Saturday, April 11, 2009

A Rare Diversion from Tech...

If you know me, you know how big of a baseball fan I am. Baseball's pace allows for some of the most reflection this side of cricket and curling. While lots of folks believe that a ballgame is three hours of boredom, I believe it's seven minutes of frantic execution wedged into a mere three-hour timeslot. The ratio of strategic thought to actual execution is extremely high, maybe the highest in North American sport.

Not coincidentally, U.S. sports literature is dominated by baseball; while you might believe that's because all the time between pitches allows ample opportunity to muse, I'd like to believe it's the intellectual nature of baseball that lends itself to such a trove of writing.

Baseball's pace also allows for a significant amount of in-game teaching--on-the-job training, if you will. I was fortunate to spend four years playing for and learning from disciples of Gordie Gillespie, one of college baseball's most important (and least widely-known) coaches. EVER. Gordie is best-known as the architect of Joliet Catholic's football program, consistenly one of the strongest in Illinois, often nationally ranked. However, few people realize that Gordie is also the all-time winningest coach in college baseball history, having recently won his 1,800 game.

Note that's not *coached* his 1,800th game. *Won* his 1,800th game. Granted, you coach baseball for 57 years, you're gonna win your fair share of games. But Gordie's won more than his fair share--nearly 2/3s of the more than 2,700 games he's coached, he's won. Gordie's an awesome motivator, but as important of a motivator and innovator as he's been in six decades of coaching, I believe his greatest legacy may be as an educator. Similar to how Bill Walsh's disciples have made and continue to make their mark at all levels of football, so too have Gordie's scholar-athletes at all levels of baseball and football. Whether or not you played directly for Gordie, or played for one of the hundreds, maybe thousands of guys he coached who went on to become coaches themselves, you learned how to approach the game--how to conduct yourself as a young man, how to prepare, how to execute.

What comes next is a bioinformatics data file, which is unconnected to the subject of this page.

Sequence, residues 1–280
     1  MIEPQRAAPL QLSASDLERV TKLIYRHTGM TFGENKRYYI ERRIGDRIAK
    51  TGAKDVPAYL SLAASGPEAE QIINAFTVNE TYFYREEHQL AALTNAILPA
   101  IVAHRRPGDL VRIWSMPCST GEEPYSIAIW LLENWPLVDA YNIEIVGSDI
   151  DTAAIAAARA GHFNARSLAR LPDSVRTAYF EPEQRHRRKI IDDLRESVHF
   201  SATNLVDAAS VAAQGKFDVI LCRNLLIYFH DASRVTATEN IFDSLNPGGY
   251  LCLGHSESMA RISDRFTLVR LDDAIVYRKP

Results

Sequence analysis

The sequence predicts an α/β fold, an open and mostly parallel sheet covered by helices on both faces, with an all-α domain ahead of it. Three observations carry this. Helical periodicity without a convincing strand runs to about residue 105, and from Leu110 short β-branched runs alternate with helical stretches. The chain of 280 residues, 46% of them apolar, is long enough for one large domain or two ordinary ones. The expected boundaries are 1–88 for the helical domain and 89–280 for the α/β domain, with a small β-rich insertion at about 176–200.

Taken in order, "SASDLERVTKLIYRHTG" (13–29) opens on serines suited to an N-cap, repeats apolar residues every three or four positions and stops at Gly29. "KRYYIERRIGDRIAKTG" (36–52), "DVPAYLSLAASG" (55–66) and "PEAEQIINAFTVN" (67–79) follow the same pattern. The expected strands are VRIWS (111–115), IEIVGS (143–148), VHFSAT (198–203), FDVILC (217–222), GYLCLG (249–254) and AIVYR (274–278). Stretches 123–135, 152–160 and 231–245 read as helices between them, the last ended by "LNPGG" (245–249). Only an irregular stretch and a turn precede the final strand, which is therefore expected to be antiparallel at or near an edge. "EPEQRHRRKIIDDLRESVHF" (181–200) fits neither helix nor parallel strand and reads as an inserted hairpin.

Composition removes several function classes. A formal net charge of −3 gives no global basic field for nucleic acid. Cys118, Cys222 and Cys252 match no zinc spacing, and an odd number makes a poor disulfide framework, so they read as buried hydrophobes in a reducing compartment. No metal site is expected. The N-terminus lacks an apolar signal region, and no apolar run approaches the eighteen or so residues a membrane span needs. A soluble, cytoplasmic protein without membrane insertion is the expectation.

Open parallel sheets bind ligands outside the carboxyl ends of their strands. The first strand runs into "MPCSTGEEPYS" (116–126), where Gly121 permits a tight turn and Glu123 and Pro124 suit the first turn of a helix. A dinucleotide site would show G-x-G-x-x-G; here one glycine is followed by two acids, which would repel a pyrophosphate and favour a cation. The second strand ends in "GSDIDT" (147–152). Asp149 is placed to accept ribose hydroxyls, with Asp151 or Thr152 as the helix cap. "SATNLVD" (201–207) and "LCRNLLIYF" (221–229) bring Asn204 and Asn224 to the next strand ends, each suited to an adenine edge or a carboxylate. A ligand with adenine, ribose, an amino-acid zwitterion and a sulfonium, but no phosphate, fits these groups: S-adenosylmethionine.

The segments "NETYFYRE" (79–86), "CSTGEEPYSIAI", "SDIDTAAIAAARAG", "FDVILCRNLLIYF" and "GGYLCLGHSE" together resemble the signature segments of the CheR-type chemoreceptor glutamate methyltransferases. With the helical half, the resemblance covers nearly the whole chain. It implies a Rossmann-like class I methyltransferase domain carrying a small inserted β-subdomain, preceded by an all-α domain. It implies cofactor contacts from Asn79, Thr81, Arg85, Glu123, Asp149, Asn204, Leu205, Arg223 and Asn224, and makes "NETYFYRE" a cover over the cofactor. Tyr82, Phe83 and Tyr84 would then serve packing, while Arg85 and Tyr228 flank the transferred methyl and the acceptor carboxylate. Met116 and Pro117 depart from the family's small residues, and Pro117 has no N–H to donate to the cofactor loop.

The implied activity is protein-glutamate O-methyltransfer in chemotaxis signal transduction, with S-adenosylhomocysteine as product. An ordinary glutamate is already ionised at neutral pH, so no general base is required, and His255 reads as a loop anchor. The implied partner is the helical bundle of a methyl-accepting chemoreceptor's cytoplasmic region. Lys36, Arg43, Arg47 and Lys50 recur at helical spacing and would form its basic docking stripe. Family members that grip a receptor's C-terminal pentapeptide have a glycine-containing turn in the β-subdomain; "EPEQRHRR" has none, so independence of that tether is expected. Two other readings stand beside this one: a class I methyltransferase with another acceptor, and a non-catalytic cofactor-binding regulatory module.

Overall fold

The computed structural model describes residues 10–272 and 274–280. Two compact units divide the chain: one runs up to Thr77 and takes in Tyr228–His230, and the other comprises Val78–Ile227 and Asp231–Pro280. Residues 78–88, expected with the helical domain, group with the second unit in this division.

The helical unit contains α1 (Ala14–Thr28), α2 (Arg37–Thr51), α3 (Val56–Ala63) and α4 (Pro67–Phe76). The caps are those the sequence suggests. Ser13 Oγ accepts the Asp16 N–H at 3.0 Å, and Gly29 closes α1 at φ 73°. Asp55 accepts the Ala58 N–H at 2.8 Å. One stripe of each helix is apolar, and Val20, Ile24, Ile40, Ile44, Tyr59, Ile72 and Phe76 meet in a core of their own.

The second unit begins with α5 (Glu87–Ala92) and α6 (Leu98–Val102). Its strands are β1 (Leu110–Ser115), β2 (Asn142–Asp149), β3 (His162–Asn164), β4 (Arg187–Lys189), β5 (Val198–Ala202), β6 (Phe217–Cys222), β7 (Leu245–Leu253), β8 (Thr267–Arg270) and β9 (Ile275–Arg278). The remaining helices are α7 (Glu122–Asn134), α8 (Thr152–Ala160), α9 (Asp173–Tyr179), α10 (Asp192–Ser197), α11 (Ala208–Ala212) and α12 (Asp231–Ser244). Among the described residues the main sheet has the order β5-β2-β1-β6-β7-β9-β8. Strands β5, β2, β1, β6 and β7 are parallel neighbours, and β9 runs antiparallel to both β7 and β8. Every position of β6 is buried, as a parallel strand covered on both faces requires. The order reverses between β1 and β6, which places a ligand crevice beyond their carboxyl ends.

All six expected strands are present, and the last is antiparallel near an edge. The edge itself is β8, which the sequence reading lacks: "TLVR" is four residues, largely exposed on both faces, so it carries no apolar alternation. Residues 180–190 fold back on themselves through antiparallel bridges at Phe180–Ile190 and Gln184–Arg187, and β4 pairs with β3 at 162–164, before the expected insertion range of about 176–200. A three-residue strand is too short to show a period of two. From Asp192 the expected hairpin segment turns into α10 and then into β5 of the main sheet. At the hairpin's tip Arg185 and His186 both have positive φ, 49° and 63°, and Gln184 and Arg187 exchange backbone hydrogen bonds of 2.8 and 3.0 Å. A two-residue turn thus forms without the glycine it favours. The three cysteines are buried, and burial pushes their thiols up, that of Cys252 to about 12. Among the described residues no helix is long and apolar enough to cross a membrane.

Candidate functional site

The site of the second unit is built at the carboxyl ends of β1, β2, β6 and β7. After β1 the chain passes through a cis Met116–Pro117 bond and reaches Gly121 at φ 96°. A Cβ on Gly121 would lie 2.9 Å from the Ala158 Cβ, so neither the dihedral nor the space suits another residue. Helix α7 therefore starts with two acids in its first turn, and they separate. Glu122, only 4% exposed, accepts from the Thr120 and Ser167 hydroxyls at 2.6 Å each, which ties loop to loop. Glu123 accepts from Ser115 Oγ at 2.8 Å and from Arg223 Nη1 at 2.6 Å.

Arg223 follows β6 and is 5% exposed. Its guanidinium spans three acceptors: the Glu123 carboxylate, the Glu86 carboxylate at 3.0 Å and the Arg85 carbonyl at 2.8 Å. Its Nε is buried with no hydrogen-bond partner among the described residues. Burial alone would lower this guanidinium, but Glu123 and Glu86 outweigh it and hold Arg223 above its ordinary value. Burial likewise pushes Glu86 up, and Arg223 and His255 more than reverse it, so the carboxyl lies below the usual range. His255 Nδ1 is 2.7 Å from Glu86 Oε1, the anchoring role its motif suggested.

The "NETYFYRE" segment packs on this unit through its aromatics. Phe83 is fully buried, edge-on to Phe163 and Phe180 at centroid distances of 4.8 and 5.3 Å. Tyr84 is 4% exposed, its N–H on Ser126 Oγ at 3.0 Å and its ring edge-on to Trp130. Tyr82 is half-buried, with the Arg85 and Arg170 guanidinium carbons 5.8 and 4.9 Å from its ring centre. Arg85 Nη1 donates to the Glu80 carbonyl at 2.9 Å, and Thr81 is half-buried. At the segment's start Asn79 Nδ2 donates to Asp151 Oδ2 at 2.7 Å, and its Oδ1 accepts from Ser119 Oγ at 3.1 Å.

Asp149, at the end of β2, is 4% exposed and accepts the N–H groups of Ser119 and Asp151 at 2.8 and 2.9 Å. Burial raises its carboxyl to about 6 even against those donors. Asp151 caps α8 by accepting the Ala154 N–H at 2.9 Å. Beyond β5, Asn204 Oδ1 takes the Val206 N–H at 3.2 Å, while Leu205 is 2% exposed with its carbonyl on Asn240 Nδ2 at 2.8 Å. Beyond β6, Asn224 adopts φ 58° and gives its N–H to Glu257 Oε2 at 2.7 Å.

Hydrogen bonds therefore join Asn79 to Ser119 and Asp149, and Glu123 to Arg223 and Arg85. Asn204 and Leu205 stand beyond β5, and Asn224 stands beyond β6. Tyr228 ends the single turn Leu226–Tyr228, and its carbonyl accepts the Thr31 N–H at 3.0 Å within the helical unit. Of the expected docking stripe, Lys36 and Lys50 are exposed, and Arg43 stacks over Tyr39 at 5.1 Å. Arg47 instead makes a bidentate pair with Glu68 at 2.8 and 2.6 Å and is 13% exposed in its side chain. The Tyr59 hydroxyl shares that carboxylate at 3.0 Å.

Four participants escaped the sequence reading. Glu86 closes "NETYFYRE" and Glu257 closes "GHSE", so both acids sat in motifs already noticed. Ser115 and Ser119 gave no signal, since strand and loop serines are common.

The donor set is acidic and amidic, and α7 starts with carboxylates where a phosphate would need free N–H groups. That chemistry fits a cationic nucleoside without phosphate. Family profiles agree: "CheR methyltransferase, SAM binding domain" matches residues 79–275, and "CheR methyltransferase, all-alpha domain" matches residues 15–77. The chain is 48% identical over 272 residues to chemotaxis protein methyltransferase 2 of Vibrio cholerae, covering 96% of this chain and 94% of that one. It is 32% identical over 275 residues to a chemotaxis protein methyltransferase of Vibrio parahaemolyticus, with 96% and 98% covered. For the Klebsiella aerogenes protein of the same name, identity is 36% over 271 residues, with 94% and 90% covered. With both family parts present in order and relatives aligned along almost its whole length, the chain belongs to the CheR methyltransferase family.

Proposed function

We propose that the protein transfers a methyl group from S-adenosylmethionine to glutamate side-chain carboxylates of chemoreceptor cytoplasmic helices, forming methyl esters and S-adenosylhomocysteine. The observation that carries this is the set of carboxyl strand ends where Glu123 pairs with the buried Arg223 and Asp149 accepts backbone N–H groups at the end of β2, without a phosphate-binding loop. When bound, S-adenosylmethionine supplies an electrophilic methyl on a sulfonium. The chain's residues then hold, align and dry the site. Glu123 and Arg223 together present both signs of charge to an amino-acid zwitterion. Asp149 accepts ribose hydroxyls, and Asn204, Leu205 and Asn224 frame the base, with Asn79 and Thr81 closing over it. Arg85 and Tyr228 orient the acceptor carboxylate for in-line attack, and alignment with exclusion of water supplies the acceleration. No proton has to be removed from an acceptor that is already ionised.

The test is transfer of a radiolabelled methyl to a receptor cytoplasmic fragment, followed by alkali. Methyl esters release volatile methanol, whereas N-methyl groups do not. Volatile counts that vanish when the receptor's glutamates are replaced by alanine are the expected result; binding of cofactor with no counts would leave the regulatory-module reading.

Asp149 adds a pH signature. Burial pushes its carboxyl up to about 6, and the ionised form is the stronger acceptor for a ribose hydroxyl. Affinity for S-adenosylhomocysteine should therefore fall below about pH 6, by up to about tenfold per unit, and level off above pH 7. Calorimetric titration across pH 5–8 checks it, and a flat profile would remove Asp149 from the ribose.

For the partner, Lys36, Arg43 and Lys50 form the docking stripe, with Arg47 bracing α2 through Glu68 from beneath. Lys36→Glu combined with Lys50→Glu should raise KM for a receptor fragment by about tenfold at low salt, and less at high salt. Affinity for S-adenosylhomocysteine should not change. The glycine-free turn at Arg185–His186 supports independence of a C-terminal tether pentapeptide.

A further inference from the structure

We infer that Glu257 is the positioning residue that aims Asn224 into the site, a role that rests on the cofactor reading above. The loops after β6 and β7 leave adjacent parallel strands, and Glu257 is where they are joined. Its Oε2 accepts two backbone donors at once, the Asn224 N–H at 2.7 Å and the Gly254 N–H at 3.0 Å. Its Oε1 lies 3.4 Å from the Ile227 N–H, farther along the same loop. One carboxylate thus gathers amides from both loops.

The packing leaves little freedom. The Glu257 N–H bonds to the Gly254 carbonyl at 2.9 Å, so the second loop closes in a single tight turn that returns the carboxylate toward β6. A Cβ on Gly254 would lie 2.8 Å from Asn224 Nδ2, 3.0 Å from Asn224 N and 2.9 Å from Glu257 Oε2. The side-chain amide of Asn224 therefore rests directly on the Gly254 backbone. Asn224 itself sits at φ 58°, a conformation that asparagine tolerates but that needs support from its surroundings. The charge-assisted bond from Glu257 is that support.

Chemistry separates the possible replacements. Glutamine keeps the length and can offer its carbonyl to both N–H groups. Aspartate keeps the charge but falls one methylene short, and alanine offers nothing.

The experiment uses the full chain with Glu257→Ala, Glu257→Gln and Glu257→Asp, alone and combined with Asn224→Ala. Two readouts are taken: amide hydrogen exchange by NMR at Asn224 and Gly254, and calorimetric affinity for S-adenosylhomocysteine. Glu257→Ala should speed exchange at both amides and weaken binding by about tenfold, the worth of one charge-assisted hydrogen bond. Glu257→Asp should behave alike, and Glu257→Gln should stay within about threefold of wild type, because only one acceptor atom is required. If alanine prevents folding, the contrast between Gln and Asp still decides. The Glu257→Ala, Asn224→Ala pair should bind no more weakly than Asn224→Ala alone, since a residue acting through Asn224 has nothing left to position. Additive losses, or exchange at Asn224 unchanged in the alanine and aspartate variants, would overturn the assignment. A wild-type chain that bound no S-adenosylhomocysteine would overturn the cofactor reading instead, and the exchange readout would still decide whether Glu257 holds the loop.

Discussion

And, most importantly, how to think.

Which brings me to my point, which is not to pay homage to Gordie Gillespie, although he certainly deserves any and all adulation which comes his way.

Every time I go to a college baseball game, I expect to see the head coach calling every pitch from the dugout--which pains me to no end. Guys like Gordie, Mark Marquess (Stanford's skipper), and John Savage (UCLA's skipper) have forgotten more baseball than I'll likely ever know, but that certainly doesn't diminish my quest and thirst for baseball wisdom.